Trainee medicos working to counter the Riverina's doctor drought say they are optimistic about the future of rural medicine.
The region's smaller communities have struggled to recruit and retain permanent doctors who usually work in each town's general practice and staff the local hospital.
But Ariah Steel is one of three young doctors who have spoken to The Daily Advertiser about their determination to work in the country and improving access to healthcare for rural Australians.
Dr Steele, 28, is taking part in a newly-launched program that health officials are trialling as a potential long-term solution to ongoing medical workforce issues.
The Murrumbidgee Local Health District's four-year pilot will train junior doctors to become rural generalists with additional specialised skills as obstetrics or palliative care.
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The MLHD has offered the certainty of a single employer and fewer administrative hurdles than traditional GP fee-for-service models in an effort to make rural generalist work more attractive.
"I think doing a program like this it it really urges people to go into smaller communities. As well, I think nowadays a lot of people are thinking about lifestyle more so," Dr Steel said.
She is joined in the training program by Maggie-Kate Minogue, 27, who in February started working in Gundagai.
Dr Minogue, originally from Harden and a former Wagga medical student, said she "couldn't imagine working anywhere else" outside the Murrumbidgee.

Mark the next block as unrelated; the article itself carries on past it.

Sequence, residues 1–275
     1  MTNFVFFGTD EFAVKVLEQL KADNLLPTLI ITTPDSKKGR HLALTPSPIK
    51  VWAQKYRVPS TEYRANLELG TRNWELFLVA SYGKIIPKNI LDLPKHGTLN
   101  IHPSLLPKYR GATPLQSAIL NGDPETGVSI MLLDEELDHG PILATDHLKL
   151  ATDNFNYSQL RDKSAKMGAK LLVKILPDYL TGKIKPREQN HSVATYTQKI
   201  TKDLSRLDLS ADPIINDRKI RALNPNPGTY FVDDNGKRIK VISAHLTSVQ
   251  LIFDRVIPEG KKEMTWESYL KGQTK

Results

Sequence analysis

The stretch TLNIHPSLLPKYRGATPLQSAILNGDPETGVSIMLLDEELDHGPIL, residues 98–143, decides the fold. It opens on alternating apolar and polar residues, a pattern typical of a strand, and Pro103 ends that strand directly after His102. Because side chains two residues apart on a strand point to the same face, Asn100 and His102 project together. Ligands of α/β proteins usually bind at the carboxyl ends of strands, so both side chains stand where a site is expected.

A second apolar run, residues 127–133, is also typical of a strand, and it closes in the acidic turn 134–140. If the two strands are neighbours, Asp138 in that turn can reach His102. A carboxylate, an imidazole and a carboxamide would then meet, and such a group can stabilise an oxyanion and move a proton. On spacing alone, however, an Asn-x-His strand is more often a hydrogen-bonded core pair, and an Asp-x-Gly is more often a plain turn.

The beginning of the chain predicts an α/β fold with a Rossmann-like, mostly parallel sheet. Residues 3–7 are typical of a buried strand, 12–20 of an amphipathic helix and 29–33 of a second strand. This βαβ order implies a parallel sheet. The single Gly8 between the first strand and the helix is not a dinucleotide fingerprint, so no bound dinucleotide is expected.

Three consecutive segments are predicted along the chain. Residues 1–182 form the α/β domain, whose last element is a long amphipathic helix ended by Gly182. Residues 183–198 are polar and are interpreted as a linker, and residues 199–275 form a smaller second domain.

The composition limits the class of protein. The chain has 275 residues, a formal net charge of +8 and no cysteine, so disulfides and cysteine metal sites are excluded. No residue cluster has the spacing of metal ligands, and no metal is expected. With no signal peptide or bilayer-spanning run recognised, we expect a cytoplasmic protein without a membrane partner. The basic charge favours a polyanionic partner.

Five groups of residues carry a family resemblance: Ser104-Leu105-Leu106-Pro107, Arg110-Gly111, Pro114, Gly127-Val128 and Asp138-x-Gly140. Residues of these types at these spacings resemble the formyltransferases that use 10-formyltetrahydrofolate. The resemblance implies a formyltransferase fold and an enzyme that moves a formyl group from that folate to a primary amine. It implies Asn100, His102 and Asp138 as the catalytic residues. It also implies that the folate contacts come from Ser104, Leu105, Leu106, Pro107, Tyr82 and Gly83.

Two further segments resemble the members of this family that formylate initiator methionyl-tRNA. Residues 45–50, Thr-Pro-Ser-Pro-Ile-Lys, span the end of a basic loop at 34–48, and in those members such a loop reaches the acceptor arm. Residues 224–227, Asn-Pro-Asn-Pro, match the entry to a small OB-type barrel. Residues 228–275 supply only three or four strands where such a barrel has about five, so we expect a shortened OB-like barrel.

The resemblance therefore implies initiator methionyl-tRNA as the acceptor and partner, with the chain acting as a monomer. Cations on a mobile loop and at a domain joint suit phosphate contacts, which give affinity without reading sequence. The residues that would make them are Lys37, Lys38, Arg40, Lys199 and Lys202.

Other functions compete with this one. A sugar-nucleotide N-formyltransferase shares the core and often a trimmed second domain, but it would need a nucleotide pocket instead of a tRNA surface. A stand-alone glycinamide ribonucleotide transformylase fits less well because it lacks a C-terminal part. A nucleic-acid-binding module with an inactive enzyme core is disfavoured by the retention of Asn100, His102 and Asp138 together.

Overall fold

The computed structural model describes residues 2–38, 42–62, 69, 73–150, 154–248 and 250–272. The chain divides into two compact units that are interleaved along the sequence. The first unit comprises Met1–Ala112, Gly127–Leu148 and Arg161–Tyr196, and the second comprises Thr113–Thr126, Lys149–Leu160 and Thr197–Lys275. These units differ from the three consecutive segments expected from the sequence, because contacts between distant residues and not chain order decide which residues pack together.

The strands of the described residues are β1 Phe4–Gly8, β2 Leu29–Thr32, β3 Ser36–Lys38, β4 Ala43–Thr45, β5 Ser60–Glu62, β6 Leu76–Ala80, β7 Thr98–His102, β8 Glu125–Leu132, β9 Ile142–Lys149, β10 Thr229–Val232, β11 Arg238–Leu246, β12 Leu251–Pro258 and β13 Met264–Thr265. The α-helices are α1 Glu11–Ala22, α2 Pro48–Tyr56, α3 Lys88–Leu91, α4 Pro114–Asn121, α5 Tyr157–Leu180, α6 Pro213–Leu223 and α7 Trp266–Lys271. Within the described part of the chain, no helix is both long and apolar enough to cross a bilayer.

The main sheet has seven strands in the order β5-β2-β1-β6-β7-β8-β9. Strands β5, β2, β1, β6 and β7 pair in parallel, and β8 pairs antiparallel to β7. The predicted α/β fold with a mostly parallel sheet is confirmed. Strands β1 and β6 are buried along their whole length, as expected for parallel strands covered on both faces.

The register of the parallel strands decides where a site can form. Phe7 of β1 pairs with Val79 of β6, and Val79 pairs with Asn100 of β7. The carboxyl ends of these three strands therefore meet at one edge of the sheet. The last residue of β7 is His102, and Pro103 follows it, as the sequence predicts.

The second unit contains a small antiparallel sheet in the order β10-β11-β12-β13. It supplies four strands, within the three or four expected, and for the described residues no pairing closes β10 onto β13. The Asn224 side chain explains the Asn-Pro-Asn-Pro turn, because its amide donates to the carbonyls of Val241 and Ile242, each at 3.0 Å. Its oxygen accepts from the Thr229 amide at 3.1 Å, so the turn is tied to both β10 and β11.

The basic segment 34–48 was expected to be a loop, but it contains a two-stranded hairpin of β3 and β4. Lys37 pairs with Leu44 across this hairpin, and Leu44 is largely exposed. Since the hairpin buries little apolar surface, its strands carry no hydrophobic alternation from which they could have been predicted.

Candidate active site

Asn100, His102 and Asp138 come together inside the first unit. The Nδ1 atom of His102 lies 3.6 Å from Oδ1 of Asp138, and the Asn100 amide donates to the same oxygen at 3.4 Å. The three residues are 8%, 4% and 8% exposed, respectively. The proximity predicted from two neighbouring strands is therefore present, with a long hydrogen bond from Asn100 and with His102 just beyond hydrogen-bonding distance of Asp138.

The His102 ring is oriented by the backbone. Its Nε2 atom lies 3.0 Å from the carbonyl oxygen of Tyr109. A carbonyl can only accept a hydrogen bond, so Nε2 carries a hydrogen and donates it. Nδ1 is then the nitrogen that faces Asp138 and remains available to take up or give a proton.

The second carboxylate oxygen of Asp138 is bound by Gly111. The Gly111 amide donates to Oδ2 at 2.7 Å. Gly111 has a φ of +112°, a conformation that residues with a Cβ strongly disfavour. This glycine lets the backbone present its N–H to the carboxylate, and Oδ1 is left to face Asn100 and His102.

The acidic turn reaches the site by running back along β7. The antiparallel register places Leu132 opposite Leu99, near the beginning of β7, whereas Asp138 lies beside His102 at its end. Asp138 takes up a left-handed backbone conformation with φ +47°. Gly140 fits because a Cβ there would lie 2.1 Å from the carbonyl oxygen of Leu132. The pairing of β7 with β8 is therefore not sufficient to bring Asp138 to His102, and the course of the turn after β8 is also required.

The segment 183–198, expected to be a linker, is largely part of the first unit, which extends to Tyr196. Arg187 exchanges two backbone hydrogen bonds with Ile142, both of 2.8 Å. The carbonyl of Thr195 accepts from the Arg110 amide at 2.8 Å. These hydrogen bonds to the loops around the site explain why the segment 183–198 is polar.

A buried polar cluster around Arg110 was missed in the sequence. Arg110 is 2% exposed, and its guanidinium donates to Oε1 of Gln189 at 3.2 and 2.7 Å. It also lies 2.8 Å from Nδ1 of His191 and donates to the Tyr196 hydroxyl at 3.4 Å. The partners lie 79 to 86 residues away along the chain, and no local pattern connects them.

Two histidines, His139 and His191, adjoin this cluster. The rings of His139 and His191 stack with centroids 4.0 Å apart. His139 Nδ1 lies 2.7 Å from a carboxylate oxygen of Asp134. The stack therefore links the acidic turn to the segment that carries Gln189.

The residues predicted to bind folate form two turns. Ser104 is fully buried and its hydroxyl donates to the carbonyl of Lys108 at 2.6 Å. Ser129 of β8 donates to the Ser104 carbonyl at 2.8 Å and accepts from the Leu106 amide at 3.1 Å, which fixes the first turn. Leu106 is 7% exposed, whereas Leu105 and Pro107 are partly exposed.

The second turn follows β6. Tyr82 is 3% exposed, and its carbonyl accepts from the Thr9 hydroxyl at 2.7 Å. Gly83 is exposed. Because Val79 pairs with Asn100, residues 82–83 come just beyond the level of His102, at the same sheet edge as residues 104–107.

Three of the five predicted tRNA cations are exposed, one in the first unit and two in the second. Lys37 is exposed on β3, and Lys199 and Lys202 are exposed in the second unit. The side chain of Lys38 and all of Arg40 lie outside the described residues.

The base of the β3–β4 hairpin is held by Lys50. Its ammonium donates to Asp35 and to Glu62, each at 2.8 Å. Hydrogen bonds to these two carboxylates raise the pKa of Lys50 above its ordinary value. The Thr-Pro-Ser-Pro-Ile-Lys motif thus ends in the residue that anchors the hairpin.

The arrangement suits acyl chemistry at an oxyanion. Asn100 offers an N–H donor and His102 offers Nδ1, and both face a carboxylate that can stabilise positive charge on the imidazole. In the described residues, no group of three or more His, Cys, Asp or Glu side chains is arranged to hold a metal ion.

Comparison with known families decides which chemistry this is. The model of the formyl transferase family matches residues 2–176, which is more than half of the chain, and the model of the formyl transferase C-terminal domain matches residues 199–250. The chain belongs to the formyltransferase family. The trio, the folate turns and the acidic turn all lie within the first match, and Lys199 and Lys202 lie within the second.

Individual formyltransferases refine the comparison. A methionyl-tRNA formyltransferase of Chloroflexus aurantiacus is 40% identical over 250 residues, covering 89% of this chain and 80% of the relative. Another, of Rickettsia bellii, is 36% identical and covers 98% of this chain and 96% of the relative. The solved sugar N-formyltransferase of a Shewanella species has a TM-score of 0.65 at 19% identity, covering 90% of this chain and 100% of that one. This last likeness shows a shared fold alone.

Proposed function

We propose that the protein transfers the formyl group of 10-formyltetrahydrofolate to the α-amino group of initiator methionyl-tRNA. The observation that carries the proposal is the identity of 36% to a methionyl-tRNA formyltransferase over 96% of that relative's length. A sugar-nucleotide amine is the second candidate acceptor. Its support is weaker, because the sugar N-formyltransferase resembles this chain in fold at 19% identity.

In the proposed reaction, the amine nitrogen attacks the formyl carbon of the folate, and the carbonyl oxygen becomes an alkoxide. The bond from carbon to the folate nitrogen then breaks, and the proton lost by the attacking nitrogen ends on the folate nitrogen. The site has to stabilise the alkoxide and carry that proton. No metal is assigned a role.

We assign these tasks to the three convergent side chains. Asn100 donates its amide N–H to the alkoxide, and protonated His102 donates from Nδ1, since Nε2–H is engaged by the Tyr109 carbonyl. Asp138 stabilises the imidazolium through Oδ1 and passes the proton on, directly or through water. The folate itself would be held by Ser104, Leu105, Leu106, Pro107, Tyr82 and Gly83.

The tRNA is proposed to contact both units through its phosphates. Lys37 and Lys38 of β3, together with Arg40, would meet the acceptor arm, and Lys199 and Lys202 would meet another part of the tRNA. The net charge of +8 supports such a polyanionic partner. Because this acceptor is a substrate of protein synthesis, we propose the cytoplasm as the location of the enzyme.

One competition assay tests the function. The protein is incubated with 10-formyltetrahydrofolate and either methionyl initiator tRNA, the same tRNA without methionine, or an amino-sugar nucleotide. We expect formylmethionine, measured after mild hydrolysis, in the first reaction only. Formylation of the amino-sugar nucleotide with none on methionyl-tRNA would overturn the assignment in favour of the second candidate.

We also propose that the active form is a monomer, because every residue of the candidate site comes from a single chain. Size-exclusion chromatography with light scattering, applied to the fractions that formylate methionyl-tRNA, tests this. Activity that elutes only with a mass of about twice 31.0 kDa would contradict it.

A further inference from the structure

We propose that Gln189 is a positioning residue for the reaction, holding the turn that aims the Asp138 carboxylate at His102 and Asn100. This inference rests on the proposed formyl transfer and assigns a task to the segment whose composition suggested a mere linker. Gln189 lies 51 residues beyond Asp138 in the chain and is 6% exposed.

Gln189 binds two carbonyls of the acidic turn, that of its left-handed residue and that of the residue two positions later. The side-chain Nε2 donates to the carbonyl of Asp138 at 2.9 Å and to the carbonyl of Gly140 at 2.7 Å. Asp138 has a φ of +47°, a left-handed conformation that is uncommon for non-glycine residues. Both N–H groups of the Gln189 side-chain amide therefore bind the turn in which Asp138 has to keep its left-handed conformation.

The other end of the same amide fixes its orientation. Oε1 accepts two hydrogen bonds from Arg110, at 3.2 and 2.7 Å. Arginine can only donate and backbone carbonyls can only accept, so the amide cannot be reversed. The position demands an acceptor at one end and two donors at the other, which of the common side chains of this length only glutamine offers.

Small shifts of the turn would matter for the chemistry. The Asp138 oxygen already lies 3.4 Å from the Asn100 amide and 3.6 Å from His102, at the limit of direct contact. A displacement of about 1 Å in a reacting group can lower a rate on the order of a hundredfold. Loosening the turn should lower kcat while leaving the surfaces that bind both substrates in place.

"I do feel optimistic ... [and] by encouraging and supporting GPs to have those advanced skills and to improve the access to health care in rural and remote areas benefits people in rural communities," she said.
"But we know that working in rural areas is quite challenging. There's that physical isolation, there's the logistics of accessing specialist services and transferring patients."
Sarah Woodford, 24, who studied at the University of NSW campus in Wagga, grew up in Gunnedah and said working in the bush "has always been the goal".
"And part of the reason why I decided to become a doctor in the first place is, because Gunnedah has always struggled to get enough GPs, ... to support and work for a community who needs doctors," she said.
Dr Woodford, who was named the Rural Doctors' Association of Australia's medical student of the year in 2020, believes medical students and trainees should be supported to undergo "good quality" rural placements.
"There's a multitude of factors that we can address and keep improving on to help increase the chances of rural health improving in the future," she said.